Demographics defined Tuesday’s presidential election, and demographics have something to do with the impasse that will continue between the president and the Congress as they confront deep budgetary challenges. Some divisions are clear on the surface. Mitt Romney was almost entirely dependent on white votes while President Obama won with a majority of minority votes and the support of white voters, particularly women and young people in urban areas. But something even deeper is at play and understanding that may offer a path to less divisiveness.
Jack Turner, an assistant professor of political science at the University of Washington, believes that some of our ideals got tainted early in our country’s history and rescuing them would make us a better country. During fights over the budget and throughout the campaign, the idea of individualism kept coming up. The claim that “I did it myself” versus the idea that we all help each other.
We heard that some people are hardworking and deserving while others – the 47 per cent – aren’t. What should be a legitimate argument over government spending becomes a fight over the worthiness of different Americans. Turner recalled that in the aftermath of Obama’s first election four years ago a chorus of media and political voices chanted “no more excuses.” They said it was time for blacks and Latinos to stop complaining and take care of business for themselves.
That attitude ignores the challenges that many Americans still face, and it ignores the ways in which people who see themselves as independent benefit from government and from social advantages. That way of thinking is deeply rooted in the country’s history.
Turner argues in his new book, Awakening to Race: Individualism and Social Consciousness in America, (The University of Chicago Press) that individualism in a democracy doesn’t mean every man for himself. It means taking responsibility for yourself, but it also should mean every person taking inventory of himself and his role in hindering or helping to fulfil democracy’s promise.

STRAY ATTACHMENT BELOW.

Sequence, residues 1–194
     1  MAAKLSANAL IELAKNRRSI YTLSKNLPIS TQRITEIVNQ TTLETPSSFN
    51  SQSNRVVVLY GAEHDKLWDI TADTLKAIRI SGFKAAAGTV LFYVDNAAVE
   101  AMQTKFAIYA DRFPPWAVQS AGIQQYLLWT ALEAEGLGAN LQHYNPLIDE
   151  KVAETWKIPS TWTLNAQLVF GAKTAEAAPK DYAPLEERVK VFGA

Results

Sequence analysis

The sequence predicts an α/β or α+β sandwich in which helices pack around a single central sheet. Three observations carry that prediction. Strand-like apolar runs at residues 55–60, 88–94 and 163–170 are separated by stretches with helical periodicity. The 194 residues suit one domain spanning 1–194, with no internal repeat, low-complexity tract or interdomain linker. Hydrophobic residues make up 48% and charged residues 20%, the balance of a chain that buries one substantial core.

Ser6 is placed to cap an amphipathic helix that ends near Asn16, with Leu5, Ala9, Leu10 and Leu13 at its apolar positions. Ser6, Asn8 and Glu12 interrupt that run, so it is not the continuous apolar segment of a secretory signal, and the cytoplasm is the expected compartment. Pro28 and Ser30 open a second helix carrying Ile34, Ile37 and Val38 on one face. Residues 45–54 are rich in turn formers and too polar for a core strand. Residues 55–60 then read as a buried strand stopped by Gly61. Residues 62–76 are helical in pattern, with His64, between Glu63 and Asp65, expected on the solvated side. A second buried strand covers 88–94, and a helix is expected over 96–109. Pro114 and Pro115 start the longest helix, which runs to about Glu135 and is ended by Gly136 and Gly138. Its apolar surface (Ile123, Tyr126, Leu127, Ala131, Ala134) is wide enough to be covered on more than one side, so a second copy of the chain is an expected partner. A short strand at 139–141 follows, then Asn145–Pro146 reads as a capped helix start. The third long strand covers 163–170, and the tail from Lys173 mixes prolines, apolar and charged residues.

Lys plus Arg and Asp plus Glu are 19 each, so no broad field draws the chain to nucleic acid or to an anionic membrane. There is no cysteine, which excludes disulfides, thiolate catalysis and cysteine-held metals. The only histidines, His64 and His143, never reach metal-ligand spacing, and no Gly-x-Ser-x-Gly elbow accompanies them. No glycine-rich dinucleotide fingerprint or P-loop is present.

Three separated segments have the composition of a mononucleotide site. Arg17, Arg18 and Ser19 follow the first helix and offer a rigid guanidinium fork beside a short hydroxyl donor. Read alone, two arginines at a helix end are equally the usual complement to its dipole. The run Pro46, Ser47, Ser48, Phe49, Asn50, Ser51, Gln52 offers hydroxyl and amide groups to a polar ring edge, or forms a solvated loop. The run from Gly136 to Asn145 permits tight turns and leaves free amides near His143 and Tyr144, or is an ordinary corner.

Turner writes that the ideals of individualism and self-sufficiency are used as excuses for inaction, especially in the face of inequality. When our democracy was young, white men defined themselves as self-sufficient individualists. Dependency was for slaves. Those definitions became part of people’s sense of identity, a group identity, not really individual at all.
If white represented one thing, then black had to represent the opposite. That explained and justified undemocratic treatment of people who were not white, and some of that lingers still.
Turner told me he spent his early years in Fort Worth, Texas, and wondered about the lives of the black people who worked for his family and who, at the end of their day, would go home to black neighbourhoods. Why were their lives so different? Turner said his mother “urged me to see black people as having the same hopes and aspirations as I had,” and as deserving of a life as good as his.
“As a white man, I can apply to any job and not worry I might not be given fair consideration because of race,” he said, but there are numerous strong social-science studies that show that African American’s and Hispanics do have to worry about that. Turner writes, “By simply ignoring America’s racial organisation, upstanding white citizens can be on the winning end of job discrimination, school and housing segregation, and anti-black cultural symbolism while feeling perfectly innocent.”
Moving forward requires citizens across the political spectrum to make a decision not to be complicit in continuing inequality, he said.